• How he did not have any bruising that might have resulted from firing so many shots from a shotgun
  • The alleged presence of suspicious cars outside the parsonage in the days leading up to the murder (He offered a report made to investigators in August 2002 that a resident on the Pelley‘s street said that another person who also lived on the street told him he had seen a white limousine with Florida license plates in the area of the Pelley home on the day of the prom in 1989)
  • The long delay in charging him and the allegation that the prosecutor said “there was not enough information to charge this case,” and
  • The prosecution was politically motivated to help the prosecutor during an election year.

Jacque has continued to fight for Jeff’s release, presenting evidence she claims will exonerate her brother. According to an article in the South Bend Tribune, Jacque claimed to have uncovered the following evidence:

  • Aother man who reportedly confessed to the crimes. She said the man knows details of the crime scene not revealed to the general public.
  • Robert Pelley also received a death threat in the weeks before the family was killed, and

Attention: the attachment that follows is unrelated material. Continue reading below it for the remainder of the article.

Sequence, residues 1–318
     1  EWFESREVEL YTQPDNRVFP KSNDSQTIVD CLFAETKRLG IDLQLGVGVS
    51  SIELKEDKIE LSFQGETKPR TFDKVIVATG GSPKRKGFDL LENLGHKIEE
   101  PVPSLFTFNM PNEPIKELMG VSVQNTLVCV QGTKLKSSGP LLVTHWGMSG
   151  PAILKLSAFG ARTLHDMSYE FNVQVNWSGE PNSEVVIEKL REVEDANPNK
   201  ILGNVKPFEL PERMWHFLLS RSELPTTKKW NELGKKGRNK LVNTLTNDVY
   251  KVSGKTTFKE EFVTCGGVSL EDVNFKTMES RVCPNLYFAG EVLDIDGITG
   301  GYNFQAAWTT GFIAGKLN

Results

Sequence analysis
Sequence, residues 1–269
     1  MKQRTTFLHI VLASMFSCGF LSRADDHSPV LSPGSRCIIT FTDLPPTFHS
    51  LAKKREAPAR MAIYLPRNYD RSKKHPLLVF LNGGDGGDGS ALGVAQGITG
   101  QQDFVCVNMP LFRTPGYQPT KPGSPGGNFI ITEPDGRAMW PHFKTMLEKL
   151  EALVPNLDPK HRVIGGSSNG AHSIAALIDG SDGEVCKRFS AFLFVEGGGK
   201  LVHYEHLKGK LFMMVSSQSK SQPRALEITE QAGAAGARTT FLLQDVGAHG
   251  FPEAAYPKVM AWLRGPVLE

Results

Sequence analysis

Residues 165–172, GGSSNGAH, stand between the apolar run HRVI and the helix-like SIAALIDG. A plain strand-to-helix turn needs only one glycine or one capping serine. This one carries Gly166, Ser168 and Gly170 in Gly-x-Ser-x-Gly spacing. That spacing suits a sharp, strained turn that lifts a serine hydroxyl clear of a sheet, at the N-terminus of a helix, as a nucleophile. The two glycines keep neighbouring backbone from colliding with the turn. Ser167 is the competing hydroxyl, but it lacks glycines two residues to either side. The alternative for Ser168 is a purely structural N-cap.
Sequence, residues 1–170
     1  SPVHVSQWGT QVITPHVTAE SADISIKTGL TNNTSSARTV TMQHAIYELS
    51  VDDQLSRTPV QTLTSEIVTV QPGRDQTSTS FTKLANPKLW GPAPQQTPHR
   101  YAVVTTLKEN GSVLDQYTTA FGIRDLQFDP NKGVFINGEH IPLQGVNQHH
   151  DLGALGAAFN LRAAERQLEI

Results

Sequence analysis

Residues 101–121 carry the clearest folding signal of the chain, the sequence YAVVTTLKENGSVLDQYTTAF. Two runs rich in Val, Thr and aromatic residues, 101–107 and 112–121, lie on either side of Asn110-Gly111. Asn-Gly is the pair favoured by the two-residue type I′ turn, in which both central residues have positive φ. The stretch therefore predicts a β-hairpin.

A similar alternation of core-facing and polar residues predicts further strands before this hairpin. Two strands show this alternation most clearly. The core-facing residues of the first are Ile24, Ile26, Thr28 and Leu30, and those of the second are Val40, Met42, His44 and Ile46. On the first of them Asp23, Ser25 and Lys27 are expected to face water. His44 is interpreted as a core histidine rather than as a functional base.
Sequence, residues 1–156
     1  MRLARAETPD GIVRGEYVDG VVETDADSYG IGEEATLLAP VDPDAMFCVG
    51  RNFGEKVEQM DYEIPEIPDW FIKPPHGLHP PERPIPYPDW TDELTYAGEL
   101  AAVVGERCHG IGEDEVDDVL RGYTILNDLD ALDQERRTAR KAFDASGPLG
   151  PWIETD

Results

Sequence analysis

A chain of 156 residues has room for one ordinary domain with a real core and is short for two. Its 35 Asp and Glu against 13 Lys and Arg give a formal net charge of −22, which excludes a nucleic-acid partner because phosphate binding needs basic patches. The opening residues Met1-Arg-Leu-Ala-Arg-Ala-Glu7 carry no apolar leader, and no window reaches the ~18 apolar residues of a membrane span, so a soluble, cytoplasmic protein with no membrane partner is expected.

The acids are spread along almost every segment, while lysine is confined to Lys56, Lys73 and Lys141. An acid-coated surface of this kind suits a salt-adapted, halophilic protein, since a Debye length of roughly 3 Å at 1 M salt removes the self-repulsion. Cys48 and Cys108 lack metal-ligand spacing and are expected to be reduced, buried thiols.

• Despite an extensive search, no murder weapon — or the Mossburg — has ever been found.

A website devoted to Jeff’s case indicates that The Innocence Project is interested in his case, but no updates have been made to the site since 2012.

The Hy Hat Club

Phil Kennamer

For those who have doubts about the fairness of the American justice system, the murder trial of Phil Kennamer in 1935 may provide a bit of assurance that sometimes, no matter who the defendant knows, justice can be served (that is if you do not mind a manslaughter conviction where murder may be appropriate).
Kennamer was the pampered son of a prominent federal judge from Tulsa, Okla., who was convicted of killing a friend, John Gorrell, shortly after Thanksgiving Day 1934 despite having a high-powered former state attorney general leading his defense and some of the country’s preeminent psychiatrists of the day testifying that he was insane at the time he shot Gorrell twice in the head.